Long gone are the days of offices with rows of high stools and drafting tables with scales, squares and pencils scattered about. Yes, we still use these tools from time to time, but they are no longer part of the production pipeline. Instead of being asked for a new electric eraser, a larger drafting table, or a new square that wasn’t ruined by a misused razer, I get requests for larger screens, wireless mice and “something to make this go faster.” In today’s industry, design technology plays a key role in the productivity and consistency of our daily work.
One of the biggest changes we see today through the lifecycle of the project is our means of recording, storing and sharing information. The cell phone in my pocket is used to take hundreds of photos during site visits, with no concern for where it goes and how much space it takes. After a site visit, I am able to review the images from the cloud on my computer, determine if the images are useful and then delete the images I do not need. If my trip was a success, I can get backgrounds of existing conditions drawn up without having to return to the site. However, there are times when I wish I had taken the photo at slightly different angle or wish I had taken a step back to get more into the photo. At this point I am wondering, “how did I miss that?” But, there’s a solution to that problem now.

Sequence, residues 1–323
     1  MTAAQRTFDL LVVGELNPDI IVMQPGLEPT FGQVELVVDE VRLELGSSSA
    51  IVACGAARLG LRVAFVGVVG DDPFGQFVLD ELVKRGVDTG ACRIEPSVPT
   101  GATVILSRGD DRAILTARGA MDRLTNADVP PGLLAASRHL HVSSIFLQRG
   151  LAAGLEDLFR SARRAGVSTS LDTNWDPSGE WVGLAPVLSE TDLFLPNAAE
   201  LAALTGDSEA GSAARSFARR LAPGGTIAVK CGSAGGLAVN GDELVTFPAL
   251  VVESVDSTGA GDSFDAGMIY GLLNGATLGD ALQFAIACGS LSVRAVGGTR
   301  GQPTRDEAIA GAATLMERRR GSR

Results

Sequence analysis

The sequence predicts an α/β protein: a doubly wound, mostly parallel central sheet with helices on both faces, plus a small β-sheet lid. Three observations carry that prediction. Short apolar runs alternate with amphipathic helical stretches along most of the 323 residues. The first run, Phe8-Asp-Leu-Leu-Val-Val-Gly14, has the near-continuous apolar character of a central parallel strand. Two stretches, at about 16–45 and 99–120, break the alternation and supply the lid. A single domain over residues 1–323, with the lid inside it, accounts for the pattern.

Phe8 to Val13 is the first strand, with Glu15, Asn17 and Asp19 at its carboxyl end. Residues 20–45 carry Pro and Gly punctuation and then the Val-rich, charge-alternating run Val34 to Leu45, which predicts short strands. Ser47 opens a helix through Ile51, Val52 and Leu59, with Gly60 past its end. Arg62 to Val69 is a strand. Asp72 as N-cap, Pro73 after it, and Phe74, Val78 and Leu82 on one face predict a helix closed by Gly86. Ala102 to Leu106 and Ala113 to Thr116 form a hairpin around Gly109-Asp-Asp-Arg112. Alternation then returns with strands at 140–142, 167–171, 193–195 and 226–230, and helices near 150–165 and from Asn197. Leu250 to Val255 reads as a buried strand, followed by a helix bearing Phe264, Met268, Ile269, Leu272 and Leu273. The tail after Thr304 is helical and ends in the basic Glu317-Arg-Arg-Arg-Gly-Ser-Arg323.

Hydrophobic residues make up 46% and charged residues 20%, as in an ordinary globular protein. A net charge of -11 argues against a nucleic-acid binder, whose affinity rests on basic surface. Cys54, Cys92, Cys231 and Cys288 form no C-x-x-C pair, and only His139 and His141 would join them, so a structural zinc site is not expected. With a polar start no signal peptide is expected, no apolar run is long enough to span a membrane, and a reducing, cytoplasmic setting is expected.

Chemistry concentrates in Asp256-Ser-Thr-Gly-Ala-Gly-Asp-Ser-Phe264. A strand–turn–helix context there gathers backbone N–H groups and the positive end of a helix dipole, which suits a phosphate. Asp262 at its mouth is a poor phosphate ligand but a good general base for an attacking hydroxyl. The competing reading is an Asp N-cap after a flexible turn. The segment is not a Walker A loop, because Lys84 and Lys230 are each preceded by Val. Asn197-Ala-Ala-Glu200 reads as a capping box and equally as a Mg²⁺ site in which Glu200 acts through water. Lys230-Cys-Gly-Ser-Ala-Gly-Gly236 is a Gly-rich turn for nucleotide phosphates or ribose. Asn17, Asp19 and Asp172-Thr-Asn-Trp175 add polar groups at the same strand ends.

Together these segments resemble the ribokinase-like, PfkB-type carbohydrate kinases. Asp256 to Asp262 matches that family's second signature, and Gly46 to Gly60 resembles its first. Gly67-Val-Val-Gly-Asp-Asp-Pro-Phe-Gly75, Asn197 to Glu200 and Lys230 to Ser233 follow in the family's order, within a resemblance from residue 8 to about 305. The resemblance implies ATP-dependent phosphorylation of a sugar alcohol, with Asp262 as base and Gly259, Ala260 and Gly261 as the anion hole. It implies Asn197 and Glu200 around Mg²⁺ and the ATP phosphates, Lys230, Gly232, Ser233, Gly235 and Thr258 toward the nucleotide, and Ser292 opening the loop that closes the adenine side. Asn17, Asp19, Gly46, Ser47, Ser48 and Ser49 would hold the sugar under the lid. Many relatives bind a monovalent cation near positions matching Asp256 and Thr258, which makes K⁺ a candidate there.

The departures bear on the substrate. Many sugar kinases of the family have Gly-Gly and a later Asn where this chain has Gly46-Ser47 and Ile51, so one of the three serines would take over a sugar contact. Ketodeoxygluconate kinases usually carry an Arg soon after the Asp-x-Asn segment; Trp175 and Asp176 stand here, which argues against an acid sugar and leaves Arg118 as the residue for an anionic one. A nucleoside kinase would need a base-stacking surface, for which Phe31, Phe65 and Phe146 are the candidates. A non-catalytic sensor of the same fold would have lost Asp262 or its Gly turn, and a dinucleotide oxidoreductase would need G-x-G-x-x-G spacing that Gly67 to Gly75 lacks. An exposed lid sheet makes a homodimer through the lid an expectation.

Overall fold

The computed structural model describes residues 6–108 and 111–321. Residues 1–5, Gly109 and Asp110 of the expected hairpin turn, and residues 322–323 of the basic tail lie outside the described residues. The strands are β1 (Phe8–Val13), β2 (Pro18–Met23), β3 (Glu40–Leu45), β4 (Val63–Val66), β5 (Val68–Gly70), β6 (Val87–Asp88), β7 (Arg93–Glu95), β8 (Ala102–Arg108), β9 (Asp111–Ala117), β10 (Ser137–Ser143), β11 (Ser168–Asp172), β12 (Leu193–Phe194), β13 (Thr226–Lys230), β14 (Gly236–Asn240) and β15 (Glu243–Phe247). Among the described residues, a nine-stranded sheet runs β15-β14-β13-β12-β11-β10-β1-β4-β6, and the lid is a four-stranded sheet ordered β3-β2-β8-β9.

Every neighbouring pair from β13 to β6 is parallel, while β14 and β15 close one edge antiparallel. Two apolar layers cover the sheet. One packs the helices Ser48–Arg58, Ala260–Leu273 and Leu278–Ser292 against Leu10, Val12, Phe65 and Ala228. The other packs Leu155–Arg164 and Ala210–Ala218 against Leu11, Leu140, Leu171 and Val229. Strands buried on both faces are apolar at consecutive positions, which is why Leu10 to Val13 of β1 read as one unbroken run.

Now available are 360 degree cameras that can record all around you while you walk. The need to turn to the right is fixed with a drag to the left; getting closer or further away takes a pinch of the fingers. Site work and rooftops can be referenced from online maps with satellite imagery. Better still, drone photography can get you high resolution video of building elevations, rooftops and site work within an afternoon without the hassle of having to get to extreme levels to physical take them yourself. AI compression and high speed storage make handling these files a magnitude faster than what was available 10 years ago.
Sharing this information has also improved greatly as well. Online storage and file sharing is second nature to most. As the design and building processes become more digital, photos and color graphics are promoted from being only marketing assets to being integrated into construction documents, RFIs, ASIs and as-builts. Pretty soon we may be sending each other 3-D photos as commonly we are sharing standard digital photos today.